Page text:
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Is inflation re-accelerating?
The Money Illusion
by ssumner
6d ago
Facebook Twitter LinkedIn I don’t know. But the possibility is greater than I would have wished to see. Inflation data is often noisy and unreliable, for a wide variety of reasons. Wage inflation is the most meaningful for monetary policy. Among all of the various price indices, the service sector inflation ex-housing and energy is probably the most closely tied to wages. Wages aren’t closely linked to housing or gasoline prices, but they are fairly closely linked to the price of haircuts, fast food, and medical care. And while this series is pretty noisy (red line), it does seem to be trendi ..read more
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What do the smartest people think?
The Money Illusion
by ssumner
6d ago
Facebook Twitter LinkedIn There are many different types of superintelligence. Some people understand quantum mechanics. Some people are really good at chess. Some people can read Finnegan’s Wake. [I’m tempted to say, “Some people understand supply and demand Scott Alexander is really, really good at analysis. So good that he’s become famous for engaging in this activity, with a cult following all over the world. (In recent years, the new people I meet in Orange County are largely through Scott Alexander meet-up groups.) Thus it would be interesting to see what would happen if Alexander took ..read more
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Ranting and berating at the National Review
The Money Illusion
by ssumner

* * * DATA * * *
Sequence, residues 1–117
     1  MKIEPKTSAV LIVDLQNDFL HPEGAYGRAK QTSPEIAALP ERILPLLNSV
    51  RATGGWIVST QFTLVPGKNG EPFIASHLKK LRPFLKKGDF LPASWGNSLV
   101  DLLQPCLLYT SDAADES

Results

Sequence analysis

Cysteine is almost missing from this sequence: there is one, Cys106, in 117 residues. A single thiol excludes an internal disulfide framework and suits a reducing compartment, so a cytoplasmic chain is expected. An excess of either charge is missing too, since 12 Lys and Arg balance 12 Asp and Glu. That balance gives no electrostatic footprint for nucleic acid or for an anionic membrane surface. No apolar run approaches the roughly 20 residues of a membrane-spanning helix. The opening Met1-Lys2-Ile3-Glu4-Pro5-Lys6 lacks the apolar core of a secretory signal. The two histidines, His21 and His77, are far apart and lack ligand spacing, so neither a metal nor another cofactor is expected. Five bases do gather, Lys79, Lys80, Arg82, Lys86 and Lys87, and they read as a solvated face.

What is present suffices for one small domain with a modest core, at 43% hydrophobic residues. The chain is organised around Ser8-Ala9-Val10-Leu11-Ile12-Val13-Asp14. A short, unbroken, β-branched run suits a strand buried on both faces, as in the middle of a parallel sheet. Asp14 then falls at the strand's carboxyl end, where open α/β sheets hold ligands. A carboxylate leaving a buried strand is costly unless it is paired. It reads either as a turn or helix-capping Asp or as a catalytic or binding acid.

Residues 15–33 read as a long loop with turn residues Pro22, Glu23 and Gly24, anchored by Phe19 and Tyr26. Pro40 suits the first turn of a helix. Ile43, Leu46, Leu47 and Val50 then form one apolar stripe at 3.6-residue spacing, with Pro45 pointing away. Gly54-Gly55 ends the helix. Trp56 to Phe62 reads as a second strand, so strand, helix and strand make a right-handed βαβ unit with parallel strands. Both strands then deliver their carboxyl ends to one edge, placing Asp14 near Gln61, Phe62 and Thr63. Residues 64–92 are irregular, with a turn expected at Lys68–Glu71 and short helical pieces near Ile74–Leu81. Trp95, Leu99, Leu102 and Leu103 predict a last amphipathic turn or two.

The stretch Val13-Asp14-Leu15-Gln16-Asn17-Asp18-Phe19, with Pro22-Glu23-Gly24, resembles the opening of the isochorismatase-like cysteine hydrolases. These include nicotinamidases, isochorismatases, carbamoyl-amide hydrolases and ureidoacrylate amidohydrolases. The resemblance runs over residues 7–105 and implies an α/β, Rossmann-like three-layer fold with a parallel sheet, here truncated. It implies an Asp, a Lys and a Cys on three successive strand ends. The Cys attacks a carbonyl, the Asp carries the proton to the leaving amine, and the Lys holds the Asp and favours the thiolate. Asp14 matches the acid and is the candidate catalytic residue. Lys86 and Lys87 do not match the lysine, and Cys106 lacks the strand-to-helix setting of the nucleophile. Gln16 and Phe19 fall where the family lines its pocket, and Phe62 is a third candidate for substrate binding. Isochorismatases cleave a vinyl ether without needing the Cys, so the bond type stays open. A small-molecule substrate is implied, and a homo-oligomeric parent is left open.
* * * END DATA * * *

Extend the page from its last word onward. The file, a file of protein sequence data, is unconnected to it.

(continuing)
6d ago
Facebook Twitter LinkedIn Here’s Jim Geraghty of the National Review: We’ve reached the point where Biden administration officials, Democrats, and pro-Biden columnists are tearing their hair out, furious that the electorate perceives the economy as being subpar. But if you look in the right places, the economic frustration makes perfect sense — and those right places include grocery prices since before the pandemic, the number of new jobs that are part-time jobs, the current high gas prices and likely summer price hikes, how inflation counteracts the good recent run of the stock market, and h ..read more
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Comments, observations, snide remarks
The Money Illusion
by ssumner
1w ago
Facebook Twitter LinkedIn 1. Be careful what you wish for (from Matt Yglesias’s Substack): While several states have banned abortion, a bunch of other states have made it easier to get medication abortions and otherwise reduced restrictions with the result that there were actually more abortions in 2023 than in previous years. And abortion rights is getting more popular. A new Fox poll showed that 70 percent of the public believes mifepristone should be legal and the previously popular idea of a 15-week ban is now underwater 43-54. Abortion rights have become a millstone around the GOP’s neck ..read more
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There’s no such thing as public opinion; example #2178
The Money Illusion
by ssumner
1w ago
Facebook Twitter LinkedIn Each day I get more and more depressed about the intellectual climate in America (and the rest of the world.) How often do you see people quote polls suggesting that the public believes the economy is doing poorly, as if these polls actually meant something? Matt Yglesias directed me to this Chris Rugaber tweet: Most people (as individuals) are doing fine. Most people (in aggregate) are doing poorly. ¯\_(ツ)_/¯ Facebook Twitter LinkedIn ..read more